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January 26, 2007 6:29 pm

Google links hitches in China to local rivals

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China’s efforts to “purify” the internet by cracking down on websites such as Google may be as much driven by protectionism as ideology, the founders of the US search engine said on Friday.

“I think a lot of these challenges and policing may be side effects of lobbying by local competitors there,” Sergey Brin, Google’s president of technology, told reporters at the World Economic Forum in Davos.

“On a business level, that decision to enter China was a net negative based on our reputation in the rest of the world suffering,” Mr Brin added, citing the controversy over Google’s decision to censor the Chinese version of its website to comply with the authorities’ restrictions.

“I was born in the Soviet Union under communist rule. Having felt that oppression, instinctively, personally you never want to compromise,” Mr Brin said.

However, he had changed his views after finding better ways to make Google’s service available in China, where it does not store users’ personal information, and after talking to Chinese people.

“They actually feel very differently, including those who were in Tiananmen Square. [They are] really proud of what China has accomplished over the past two decades.”

Google had not made as much progress as it had hoped in the Chinese market, where it ranks second behind Baidu, Mr Brin admitted.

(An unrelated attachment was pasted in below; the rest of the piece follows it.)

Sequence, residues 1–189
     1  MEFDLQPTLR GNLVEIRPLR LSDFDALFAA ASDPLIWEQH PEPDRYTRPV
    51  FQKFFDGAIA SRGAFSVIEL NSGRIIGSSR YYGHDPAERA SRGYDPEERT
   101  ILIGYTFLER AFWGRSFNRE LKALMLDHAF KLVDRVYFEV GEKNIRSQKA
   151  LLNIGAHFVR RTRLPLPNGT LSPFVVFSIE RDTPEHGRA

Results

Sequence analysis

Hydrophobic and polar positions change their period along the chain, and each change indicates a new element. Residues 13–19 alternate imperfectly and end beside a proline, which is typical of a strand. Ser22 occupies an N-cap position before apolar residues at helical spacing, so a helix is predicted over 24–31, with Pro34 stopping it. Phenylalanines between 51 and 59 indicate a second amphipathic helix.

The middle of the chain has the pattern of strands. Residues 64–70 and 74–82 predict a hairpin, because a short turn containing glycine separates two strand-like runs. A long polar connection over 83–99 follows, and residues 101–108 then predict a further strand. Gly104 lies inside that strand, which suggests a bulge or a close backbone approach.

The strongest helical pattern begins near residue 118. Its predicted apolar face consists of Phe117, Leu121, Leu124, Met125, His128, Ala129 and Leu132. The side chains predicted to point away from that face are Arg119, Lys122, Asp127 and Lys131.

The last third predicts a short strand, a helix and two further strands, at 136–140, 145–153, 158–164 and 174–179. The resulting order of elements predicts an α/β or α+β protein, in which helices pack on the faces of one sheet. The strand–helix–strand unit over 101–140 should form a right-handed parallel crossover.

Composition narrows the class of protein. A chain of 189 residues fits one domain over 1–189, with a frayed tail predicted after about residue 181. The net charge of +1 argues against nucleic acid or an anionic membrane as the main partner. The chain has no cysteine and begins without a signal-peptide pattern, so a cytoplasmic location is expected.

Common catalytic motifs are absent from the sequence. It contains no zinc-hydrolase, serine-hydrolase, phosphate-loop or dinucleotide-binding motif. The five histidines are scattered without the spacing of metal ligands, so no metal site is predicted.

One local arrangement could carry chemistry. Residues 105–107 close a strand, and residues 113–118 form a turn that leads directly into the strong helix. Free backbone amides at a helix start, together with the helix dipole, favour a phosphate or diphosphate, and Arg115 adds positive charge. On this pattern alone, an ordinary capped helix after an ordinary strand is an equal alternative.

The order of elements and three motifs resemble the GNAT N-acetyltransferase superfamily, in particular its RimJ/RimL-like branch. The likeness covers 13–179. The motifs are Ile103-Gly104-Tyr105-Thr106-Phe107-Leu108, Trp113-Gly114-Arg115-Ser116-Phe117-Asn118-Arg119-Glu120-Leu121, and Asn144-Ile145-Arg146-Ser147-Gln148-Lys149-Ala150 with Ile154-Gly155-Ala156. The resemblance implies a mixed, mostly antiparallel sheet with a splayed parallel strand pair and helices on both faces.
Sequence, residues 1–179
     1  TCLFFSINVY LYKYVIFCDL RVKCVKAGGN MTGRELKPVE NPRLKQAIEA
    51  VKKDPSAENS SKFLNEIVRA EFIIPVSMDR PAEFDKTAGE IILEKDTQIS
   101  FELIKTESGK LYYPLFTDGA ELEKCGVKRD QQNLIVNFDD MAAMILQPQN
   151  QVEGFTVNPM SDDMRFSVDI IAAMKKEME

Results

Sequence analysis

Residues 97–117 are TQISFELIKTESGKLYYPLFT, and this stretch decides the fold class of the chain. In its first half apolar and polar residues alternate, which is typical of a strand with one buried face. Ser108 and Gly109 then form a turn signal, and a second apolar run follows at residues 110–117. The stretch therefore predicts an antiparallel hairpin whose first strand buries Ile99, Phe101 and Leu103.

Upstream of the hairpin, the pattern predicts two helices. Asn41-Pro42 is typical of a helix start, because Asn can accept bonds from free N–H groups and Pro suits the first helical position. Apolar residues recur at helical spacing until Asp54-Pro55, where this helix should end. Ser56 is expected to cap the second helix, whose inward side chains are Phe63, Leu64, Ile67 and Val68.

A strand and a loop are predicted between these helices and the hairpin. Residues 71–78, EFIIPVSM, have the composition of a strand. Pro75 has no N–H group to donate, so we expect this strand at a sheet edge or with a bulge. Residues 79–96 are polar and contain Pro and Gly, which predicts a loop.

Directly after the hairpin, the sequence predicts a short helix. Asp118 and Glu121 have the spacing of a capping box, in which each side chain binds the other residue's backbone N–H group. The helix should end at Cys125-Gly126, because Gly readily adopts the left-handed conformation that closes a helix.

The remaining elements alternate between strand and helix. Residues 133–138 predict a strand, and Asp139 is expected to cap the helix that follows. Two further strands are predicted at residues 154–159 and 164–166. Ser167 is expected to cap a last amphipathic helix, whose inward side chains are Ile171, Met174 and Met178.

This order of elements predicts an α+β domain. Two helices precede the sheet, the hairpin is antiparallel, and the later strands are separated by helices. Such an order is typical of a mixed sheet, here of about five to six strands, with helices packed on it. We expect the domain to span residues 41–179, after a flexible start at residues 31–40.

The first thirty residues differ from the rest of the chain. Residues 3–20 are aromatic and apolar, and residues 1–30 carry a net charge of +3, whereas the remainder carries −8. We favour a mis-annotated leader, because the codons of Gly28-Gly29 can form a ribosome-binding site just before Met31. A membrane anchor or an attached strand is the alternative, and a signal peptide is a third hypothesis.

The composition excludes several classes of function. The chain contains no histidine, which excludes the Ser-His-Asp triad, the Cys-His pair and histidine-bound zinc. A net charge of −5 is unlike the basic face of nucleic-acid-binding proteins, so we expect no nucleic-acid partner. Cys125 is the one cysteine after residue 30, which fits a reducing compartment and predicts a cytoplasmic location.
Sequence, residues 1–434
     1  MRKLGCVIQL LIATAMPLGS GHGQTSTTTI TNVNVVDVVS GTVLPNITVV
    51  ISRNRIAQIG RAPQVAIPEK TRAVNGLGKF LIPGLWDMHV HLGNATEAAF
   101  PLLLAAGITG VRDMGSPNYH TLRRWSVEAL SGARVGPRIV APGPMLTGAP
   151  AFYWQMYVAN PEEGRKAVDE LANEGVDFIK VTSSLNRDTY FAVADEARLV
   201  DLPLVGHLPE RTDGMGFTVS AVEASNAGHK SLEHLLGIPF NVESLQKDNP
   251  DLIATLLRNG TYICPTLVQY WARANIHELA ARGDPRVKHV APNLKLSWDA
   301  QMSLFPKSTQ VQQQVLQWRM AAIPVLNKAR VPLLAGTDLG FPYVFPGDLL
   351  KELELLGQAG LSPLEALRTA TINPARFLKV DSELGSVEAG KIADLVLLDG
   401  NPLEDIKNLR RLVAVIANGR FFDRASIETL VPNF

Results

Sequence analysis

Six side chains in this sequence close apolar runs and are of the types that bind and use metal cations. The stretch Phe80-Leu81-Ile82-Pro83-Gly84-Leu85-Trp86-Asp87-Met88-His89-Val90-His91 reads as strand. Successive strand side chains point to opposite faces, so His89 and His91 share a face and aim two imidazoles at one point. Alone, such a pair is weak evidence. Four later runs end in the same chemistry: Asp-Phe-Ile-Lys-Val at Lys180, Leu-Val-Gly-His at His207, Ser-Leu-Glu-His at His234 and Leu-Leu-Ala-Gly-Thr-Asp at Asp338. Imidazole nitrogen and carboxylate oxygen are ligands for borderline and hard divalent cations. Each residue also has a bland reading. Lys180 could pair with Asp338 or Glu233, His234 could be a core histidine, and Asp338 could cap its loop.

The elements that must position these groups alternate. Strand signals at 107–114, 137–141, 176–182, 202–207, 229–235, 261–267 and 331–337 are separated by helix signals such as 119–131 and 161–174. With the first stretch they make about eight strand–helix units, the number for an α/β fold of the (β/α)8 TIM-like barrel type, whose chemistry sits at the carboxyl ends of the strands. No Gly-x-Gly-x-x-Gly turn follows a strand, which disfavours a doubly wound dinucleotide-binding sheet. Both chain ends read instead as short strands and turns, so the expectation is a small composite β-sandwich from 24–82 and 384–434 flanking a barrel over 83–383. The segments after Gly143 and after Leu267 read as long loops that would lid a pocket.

However, Larry Page, Google’s president of products, indicated that Google was not about to pull out of China. “I’d hate for us as a company to make what we thought was the wrong decision in China based on worrying about our reputation,” he said.

Google’s co-founders argued that it faced similar challenges outside China from discrimination by internet service providers over how their data networks could be used. Unless such networks accepted the principle of “net neutrality”, Mr Page said, there would be economic consequences.

“Ultimately we’ll pay for it in our productivity”.

It was difficult for Google to know whether networks were running slowly because of genuine faults or “because they’re supposed to be”, he added.

The comments come as Silicon Valley is stepping up its lobbying about net neutrality, with many executives trying to persuade political leaders that it should be treated as a trade issue.

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